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Docker for Data Science: Getting Started & Installing Docker

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In the last Docker for Data Science blog we looked at where Docker came from and why it is important. In this blog we will get Docker installed and configured on either Windows or Mac.

Installing Docker.

Below are instructions for installing Docker on both Windows and on Mac.  

<important>Before we begin, there are a few different methods for installing Docker on Windows and Mac. I will list out the steps to complete an install with the assumption that you're running Windows 10 or the latest iOS. If you're not then this install may not work. For older versions of Windows and iOS there is a tool called Docker Toolbox. If you have this or any VirtualBox software installed, installing Docker for Windows will prevent these from running. </important>

The following steps will install the following on your development machines:

  • The Docker Engine

  • Docker CLI tool

  • Docker Compose

  • Docker Machines

  • Kitematic

Installing Docker on Windows:

  1. Download the latest stable version of Docker - https://download.docker.com/win/stable/Docker%20for%20Windows%20Installer.exe

  2. Open the installation and run. Click through all the prompts

Docker will ask which version should it install Docker for Windows or Docker for Windows (Linux).

  1. Check the Linux version.

  2. Docker should now be installed.

You can work with Docker from a number of different command line tools. Either open PowerShell, CMD or Git Bash and type Docker --version

  1. Validate that Docker has installed as expected.

 You're now ready to run our first application. Hello-World!.

 Installing Docker for Mac:

  1. Download Docker.

  2. Double-click the DMG file, and drag-and-drop Docker into your Applications folder.

  3. You need to authorize the installation with your system password.

  4. Double-click Docker.app to start Docker.

  5. The whale in your status bar indicates Docker is running and accessible.

  6. Docker presents some information on completing common tasks and links to the documentation.

  7. You can access settings and other options from the whale in the status bar. a. Select About Docker to make sure you have the latest version.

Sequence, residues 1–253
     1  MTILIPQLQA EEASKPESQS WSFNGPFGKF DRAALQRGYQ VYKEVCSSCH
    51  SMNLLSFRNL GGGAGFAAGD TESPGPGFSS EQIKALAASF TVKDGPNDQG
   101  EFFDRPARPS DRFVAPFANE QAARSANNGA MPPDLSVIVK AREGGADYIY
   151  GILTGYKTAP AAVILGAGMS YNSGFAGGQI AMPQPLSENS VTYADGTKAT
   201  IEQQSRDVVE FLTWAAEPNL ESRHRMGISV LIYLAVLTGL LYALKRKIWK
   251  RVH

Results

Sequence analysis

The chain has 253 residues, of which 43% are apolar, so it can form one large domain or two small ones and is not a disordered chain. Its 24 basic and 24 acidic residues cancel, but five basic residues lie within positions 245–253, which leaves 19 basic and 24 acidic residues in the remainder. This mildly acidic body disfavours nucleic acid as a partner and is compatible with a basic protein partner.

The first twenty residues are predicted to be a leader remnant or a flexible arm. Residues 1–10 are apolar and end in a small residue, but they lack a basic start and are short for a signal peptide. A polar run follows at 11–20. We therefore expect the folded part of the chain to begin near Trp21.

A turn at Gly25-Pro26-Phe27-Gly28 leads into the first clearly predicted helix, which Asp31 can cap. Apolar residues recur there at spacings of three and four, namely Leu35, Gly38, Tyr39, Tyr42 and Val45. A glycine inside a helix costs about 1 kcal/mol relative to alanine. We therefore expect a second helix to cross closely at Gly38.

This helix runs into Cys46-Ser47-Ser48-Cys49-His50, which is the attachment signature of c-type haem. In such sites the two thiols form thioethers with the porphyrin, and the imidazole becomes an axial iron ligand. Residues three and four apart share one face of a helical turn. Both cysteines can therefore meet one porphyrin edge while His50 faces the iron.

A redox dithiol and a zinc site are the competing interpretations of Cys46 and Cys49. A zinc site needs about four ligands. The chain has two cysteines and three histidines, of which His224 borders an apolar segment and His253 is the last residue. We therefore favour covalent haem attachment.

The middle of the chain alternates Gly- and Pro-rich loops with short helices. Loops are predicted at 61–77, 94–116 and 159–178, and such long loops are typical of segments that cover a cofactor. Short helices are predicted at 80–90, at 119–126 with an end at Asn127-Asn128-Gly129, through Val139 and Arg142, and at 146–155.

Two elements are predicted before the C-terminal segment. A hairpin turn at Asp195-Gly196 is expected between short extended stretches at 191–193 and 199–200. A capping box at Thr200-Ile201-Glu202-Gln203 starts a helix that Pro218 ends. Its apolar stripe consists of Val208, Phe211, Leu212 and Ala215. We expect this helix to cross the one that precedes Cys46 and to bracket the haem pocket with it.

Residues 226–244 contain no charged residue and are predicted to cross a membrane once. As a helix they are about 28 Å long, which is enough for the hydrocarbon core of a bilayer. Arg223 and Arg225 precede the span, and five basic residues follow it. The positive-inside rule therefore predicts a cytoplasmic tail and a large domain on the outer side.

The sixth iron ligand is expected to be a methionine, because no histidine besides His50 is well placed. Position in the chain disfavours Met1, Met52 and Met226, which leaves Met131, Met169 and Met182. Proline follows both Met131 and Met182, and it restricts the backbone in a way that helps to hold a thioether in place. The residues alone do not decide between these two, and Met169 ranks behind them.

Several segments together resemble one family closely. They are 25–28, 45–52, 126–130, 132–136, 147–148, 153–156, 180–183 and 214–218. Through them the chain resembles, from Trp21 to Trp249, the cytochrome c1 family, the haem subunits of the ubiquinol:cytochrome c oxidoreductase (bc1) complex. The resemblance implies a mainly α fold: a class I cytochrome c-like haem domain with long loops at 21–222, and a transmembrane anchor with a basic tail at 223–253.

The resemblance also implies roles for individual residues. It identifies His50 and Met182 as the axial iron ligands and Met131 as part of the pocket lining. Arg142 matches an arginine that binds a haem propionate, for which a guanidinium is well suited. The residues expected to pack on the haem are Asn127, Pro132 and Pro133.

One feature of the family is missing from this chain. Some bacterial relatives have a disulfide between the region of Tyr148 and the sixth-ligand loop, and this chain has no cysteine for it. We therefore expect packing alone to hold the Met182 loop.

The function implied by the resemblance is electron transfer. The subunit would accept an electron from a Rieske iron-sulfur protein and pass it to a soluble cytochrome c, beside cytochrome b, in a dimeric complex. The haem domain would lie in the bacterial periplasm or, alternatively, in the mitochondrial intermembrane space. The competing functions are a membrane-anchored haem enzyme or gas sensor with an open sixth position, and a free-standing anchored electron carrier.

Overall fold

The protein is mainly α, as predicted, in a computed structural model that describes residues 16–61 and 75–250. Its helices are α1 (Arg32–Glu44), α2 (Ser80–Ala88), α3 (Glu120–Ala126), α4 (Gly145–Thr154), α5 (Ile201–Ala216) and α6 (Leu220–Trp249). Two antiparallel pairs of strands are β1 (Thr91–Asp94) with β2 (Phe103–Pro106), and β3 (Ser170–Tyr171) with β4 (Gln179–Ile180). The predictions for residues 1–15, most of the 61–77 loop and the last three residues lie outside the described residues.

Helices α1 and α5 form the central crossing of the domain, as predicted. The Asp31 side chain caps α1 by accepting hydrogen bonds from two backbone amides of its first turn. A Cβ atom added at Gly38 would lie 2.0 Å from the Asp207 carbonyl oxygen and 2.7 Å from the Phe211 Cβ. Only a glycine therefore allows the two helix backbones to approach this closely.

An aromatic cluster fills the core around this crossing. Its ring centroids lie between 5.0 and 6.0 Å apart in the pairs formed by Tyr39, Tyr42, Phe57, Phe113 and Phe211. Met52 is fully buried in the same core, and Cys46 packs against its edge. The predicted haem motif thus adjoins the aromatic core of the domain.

Your first Docker application. Hello-World.

You should have Docker installed on your operating system and be ready to go. You confirm that it was up and running using <b>docker --version</b>. Now it is time to run our first application.

Validate install

Open the command line (or nay other command prompt. PowerShell works really well) on windows or terminal on Mac and enter:

Docker run hello-world

You will begin to see a few lines of comments appear in the terminal window.

Unable to find image 'hello-world:latest' locally
latest: Pulling from library/hello-world

Then finally you should be greeted by a nice message, "Hello from Docker!".

With this we know that Docker is up and running.

HelloWorld.jpg

Now let's look back to the comments it chucked at us. "Unable to find images 'hello-world:latest' locally. There is a lot happening in the one statement. The first is the mention of images. In the last blog we discussed how a container is a running version of an image. We asked to run 'hello-world' however the terminal tried to find 'hello-world:latest'. The :latest is a tag. This is looking for the latest deployed version. Where is it deployed? It is deployed to a public container registry.

A few handy commands to get you started

See which containers are running.

docker ps

See which images we have built or pulled

docker images

Stop a container running

docker stop <container id>

Remove an image

docker rmi <image id>

To put some of these in action, we will remove the version of hello-world we just pulled.

Run docker images, and you should see the version of hello-world. This container does not need to be stopped. It is stop automatically after it displays its greeting. to remove the image we run a rmi command.

docker rmi hello-world -f

This should have removed the image. -f is Force. This will make sure it is removed.

he_delete.jpg

In the next blog we will deploy a web application to Docker. The reason I want to show you this is because it is much better hello-world!. We get to see all the components, build an image from scratch and get it running.